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Supervision at public swimming pools

The primary objective of a pool lifeguard at an aquatic location is to supervise patrons within the aquatic environment and to assist in preventing drowning. As drownings are often silent and with little movement recognition by a pool lifeguard is the key.

In determining the level of supervision within an aquatic facility, the Royal Life Saving Society of Australia’s Guidelines for Safe Pool Operations (GSPO), states that supervision should be in place for all swimming pools (both outdoor and indoor) that are situated, constructed or installed, on any non-residential premises occupied by the Crown, public authority, or by a Private body for public or commercial use.

The GSPO provides practical guidance for duty holders on the type, quantity and location of supervision needed within an aquatic environment.

A summarised extract from the GSPO defines supervision as:

At a minimum, supervision in an aquatic facility is a minimum of one person over the age of 18 who:

  • holds a current skill set equivalent to that of pool lifeguard
  • is in a position to maintain effective supervision of all persons on, below the surface and the bottom of the swimming pool (or their zone)
  • is able to respond to and reach a person in distress in the swimming pool within 30 seconds.

Duty holders have a duty to provide the necessary supervision to pool patrons, in order to comply with their duties under the Work Health and Safety Act 2011. However, consideration includes what is ‘reasonably practicable’.

The WHS Act applies to the supervision and general operation of public pools where there is no organised recreational water activity. Where a duty holder provides an organised recreational water activity under their management and control (e.g. organised swimming lessons, aqua-aerobics classes), the Safety in Recreational Water Activities Act 2011 may also apply.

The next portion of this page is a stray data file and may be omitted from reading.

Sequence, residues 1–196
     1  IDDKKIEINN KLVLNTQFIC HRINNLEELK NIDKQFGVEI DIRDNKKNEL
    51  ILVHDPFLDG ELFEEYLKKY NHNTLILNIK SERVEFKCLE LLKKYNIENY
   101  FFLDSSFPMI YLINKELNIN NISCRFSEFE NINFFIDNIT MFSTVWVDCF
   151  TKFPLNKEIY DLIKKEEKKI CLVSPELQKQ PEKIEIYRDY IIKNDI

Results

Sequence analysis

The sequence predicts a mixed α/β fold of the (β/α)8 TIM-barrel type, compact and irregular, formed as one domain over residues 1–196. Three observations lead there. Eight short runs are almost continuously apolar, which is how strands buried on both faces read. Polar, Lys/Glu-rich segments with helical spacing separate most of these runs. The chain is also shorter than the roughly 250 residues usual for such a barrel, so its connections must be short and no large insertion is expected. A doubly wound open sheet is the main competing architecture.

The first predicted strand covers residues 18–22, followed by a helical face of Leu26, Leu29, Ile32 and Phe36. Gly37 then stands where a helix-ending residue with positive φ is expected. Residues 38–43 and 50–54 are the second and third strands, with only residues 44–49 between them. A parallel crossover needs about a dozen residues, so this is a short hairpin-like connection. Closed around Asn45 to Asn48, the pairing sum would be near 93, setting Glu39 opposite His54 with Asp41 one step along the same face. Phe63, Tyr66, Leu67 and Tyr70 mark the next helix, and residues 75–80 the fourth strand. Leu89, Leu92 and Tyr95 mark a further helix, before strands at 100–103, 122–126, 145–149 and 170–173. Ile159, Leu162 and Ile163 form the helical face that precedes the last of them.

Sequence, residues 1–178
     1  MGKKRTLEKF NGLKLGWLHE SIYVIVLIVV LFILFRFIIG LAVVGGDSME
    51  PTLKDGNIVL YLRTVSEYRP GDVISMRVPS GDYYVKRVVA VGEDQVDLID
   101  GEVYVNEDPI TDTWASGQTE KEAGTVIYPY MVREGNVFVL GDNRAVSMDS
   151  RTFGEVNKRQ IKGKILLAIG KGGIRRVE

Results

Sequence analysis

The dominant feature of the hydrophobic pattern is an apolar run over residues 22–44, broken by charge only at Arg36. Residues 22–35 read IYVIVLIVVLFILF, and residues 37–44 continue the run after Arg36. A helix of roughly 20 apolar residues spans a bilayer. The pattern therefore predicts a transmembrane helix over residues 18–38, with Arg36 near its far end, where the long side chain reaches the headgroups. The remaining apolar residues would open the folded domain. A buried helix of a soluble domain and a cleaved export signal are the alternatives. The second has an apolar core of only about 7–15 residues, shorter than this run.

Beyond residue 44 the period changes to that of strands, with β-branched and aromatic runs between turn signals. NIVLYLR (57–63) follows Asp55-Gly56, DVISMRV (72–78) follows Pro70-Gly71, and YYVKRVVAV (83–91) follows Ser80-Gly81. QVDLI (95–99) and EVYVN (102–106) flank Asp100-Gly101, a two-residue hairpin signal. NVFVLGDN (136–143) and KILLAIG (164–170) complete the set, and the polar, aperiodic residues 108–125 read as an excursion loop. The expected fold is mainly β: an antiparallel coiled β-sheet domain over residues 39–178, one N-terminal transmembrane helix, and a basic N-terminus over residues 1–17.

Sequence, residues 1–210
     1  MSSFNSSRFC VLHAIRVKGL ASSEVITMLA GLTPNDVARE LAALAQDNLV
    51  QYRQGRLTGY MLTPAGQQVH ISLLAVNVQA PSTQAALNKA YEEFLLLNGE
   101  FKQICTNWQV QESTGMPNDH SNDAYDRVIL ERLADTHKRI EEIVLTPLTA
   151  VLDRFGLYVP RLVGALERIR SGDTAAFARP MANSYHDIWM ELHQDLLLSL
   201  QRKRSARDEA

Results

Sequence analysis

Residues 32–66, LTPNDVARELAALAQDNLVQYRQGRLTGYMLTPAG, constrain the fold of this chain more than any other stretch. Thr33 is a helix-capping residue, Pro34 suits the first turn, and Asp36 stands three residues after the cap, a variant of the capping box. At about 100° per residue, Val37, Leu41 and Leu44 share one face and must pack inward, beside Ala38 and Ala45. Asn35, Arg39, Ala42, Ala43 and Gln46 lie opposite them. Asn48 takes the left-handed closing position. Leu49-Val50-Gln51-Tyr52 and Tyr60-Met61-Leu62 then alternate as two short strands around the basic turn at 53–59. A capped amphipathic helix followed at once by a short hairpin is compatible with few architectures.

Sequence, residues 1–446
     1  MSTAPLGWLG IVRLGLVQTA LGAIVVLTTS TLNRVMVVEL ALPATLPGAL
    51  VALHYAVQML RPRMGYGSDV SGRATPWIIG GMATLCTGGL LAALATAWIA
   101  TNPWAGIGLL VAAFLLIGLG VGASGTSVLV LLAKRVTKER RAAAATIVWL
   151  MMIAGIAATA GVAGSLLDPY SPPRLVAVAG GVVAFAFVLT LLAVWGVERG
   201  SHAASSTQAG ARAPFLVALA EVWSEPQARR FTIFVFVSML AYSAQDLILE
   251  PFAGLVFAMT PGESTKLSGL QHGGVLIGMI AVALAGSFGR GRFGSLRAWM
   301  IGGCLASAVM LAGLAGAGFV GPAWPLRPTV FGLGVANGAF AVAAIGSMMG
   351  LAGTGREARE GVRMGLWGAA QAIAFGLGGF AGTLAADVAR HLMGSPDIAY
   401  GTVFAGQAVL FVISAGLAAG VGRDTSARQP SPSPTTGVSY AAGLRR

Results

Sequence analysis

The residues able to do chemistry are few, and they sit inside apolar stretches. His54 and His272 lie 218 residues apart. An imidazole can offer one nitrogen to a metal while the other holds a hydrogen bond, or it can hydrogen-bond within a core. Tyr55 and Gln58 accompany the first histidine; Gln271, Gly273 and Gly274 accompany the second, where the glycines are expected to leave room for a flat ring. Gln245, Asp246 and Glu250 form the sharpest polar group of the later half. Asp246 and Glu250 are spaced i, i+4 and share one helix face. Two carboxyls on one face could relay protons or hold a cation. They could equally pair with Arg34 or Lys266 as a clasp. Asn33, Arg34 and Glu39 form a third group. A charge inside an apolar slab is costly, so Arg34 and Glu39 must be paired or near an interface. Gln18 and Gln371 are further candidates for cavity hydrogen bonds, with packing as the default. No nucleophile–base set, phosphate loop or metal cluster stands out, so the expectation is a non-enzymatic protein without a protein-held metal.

Use our Supervision at public swimming pools – Self-assessment tool (DOCX, 0.05 MB) to minimise the risk of safety hazards to staff and patrons.

What is ‘reasonably practicable’ is an objective test

What is ‘reasonably practicable’ is determined objectively. This means that a duty holder must meet the standard of behaviour expected of a reasonable person in the duty holder’s position and who is required to comply with the same duty.

There are two elements to what is ‘reasonably practicable’. A duty holder must first consider what can be done - that is, what is possible in the circumstances for ensuring health and safety. They must then consider what is reasonably able to be done, in the circumstances to eliminate or minimise the risk.

This approach is consistent with the main object of the WHS Act which aims to protect the health, safety and welfare of all workers at work. The laws also protect the health and safety of all other people who might be affected by the work.

Duty holders must take into account the likelihood of the hazard or the risk occurring; and the degree of harm that might result from the hazard or risk.

Although the cost of eliminating or minimising risk is relevant in determining what is reasonably practicable, there is a clear presumption in favour of safety ahead of cost.

The more likely the hazard or risk is, or the greater the harm that may result from the hazard, the less weight should be given to the cost of eliminating the hazard or risk.

Duty holders must undertake a risk assessment to determine the level of supervision required and what is ‘reasonably practicable’. This includes considering what is reasonably known about the risk and ways of eliminating or minimising the risk.